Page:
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The Mitochondrial Disease Patient In A Medical Practice



Roles of the mitochondrial clinic, the PCP, and other providers - a shared "Medical Home."

Patients with mitochondrial disease benefit from the care provided by a metabolic or mitochondrial clinic specialist who is familiar with the overall disease, has experience in managing such patients, and who is able to keep up with new scientific and clinical advances in the field.  Patients also benefit from having a primary care provider who develops a long term relationship with the patient and family, who can advocate for the "whole patient," and who can help the patient and family navigate a confusing course of care when several involved specialists are giving opinions and suggesting recommendations.  Neither the primary care physician nor the mitochondrial disease specialist is suited to function as the sole primary provider for such a patient.  In the most optimal and practical scenario, both function as "core-providers" at the center of a patient's care and communicate freely as situations arise.  This constitutes a "shared Medical Home."

Too often the tendency of patients with (especially complex) chronic diseases is to call on the metabolic or mitochondrial specialist as one would the primary care provider.  While this approach might get the needed answer, it is often a mistake.  Excluding the PCP distances his/her perspective; over the long term, the patient misses out on having a most important trusted advocate and advisor involved in his/her care.  Furthermore, specialty offices are not set up to provide all aspects of care and specialty clinicians not trained to fill this role (especially given the severe shortage of metabolic/mitochondrial clinicians).  As a result, when the PCP role is weakened, it is too often the patient or parent who fills the vacuum and assumes the primary care role.  Not only is this scenario inappropriate and burdensome, it creates a situation in which the patient or parent becomes the primary source of information and the carrier of medical recommendations.  This can lead to errors in care, and also puts the patient and/or parent at risk for accusations of over-vigilance and Munchausen-by-proxy syndrome.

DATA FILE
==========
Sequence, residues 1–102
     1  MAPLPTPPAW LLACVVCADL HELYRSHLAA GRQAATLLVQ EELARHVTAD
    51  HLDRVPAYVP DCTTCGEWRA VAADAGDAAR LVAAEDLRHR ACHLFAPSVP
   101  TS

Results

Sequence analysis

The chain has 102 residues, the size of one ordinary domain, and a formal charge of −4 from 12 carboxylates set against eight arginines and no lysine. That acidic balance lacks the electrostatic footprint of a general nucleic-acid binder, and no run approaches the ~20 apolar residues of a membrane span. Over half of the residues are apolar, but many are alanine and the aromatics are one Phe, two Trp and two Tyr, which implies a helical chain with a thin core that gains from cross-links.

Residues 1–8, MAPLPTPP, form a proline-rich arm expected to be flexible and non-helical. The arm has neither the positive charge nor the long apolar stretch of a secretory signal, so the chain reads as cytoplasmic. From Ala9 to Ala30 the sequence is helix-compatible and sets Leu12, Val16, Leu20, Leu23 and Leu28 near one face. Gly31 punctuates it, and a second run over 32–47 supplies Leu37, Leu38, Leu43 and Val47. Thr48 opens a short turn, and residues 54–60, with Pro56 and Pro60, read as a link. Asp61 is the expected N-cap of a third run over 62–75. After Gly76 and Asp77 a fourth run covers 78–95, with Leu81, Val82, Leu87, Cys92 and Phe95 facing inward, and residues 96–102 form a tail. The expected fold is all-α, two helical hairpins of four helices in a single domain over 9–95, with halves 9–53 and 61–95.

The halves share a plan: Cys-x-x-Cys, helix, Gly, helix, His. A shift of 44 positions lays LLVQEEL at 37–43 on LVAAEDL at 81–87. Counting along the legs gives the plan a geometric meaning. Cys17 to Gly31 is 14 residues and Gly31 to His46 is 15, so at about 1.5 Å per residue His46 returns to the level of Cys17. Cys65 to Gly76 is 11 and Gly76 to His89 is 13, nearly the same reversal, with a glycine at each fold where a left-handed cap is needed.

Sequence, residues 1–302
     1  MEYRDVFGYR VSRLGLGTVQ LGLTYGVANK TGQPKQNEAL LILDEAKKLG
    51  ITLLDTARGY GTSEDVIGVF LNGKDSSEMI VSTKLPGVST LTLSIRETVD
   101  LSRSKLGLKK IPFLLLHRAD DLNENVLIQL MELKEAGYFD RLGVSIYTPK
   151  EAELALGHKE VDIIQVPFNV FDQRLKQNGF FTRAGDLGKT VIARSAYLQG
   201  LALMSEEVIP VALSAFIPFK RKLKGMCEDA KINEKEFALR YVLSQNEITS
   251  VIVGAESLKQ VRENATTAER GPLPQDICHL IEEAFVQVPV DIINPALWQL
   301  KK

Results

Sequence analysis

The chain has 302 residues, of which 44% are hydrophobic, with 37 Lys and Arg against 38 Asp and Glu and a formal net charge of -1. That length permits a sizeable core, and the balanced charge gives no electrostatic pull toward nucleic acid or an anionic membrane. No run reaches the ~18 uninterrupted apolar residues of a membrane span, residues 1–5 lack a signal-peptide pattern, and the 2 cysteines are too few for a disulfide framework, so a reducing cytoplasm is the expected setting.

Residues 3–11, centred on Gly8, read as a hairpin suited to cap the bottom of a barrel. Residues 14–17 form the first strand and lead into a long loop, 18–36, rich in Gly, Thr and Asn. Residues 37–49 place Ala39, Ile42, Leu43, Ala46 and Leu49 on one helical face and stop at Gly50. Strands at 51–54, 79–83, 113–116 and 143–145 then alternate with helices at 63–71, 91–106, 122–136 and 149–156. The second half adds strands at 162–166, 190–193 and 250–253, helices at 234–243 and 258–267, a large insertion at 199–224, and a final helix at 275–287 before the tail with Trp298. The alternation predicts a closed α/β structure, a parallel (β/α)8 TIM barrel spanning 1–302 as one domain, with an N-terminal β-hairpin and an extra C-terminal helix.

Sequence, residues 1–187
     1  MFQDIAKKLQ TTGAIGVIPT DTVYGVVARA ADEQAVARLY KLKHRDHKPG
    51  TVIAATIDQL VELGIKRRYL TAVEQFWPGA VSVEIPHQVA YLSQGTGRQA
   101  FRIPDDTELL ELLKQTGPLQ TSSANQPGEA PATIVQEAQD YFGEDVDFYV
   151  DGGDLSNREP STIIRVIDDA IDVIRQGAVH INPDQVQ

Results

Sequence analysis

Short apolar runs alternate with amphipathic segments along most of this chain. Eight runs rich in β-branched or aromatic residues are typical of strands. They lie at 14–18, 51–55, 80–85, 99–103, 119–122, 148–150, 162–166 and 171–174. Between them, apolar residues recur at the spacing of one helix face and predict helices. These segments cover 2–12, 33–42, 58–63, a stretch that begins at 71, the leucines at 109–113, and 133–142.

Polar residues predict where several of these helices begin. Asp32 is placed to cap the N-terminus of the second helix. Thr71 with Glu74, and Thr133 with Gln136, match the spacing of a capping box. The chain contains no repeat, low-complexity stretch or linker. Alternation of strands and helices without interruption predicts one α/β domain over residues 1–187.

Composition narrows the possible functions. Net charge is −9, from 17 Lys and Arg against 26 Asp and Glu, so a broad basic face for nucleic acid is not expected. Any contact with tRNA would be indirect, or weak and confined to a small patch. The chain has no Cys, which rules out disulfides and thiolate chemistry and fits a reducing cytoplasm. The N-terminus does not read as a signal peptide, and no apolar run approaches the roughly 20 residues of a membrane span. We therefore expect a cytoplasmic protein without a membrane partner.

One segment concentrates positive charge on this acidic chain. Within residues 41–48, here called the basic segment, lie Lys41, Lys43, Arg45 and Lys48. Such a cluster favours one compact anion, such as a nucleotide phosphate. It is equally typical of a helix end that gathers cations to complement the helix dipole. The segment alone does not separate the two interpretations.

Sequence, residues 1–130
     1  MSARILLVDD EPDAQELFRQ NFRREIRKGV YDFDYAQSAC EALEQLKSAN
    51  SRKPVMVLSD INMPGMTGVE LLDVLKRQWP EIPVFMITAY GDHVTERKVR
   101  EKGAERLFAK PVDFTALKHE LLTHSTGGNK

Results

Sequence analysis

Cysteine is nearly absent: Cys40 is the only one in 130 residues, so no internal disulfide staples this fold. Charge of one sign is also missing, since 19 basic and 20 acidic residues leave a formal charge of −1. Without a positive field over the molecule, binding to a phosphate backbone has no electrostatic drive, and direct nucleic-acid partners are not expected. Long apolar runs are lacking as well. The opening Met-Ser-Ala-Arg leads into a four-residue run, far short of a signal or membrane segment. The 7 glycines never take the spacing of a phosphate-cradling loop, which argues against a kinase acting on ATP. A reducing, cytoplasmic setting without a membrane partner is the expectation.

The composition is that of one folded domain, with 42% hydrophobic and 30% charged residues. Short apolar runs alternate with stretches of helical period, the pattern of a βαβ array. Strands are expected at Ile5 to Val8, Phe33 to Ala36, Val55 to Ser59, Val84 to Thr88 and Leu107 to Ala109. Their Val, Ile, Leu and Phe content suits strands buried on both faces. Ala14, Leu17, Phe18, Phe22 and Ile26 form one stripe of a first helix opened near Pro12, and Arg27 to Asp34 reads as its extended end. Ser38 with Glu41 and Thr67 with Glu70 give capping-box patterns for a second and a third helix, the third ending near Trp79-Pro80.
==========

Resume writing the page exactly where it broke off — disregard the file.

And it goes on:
Because of the complexity of mitochondrial disease, it is not uncommon that patients have multiple clinicians involved in their care.  It is important that specialists maintain open lines of communication with the core clinicians (and any other relevant involved physician).  When a patient's course becomes more unstable or symptoms become more severe, correspondence by phone or electronic mail may be needed to make sure the necessary interventions occur and allow the patient's care to progress more smoothly.

Finally, the medical care that occurs in the doctor's office can only be considered part of a patient's overall health management.  Recommendations are of limited benefit if there is no supporting documentation to gain insurance approval for consultations, procedures, or medications, authorization for social security, support for accommodations in the classroom or workplace, and so on.  These interventions can increase significantly a patient's productivity and enhance his/her quality of life.  However, this kind of correspondence is time-consuming and represents "free-care" since it brings in no revenue.  The responsibility of this burden needs to be shared among the patient's core-providers.  To simplify and ease this burden, a number of formatted letters are included in this manual that can be adapted to a patient's individual needs.



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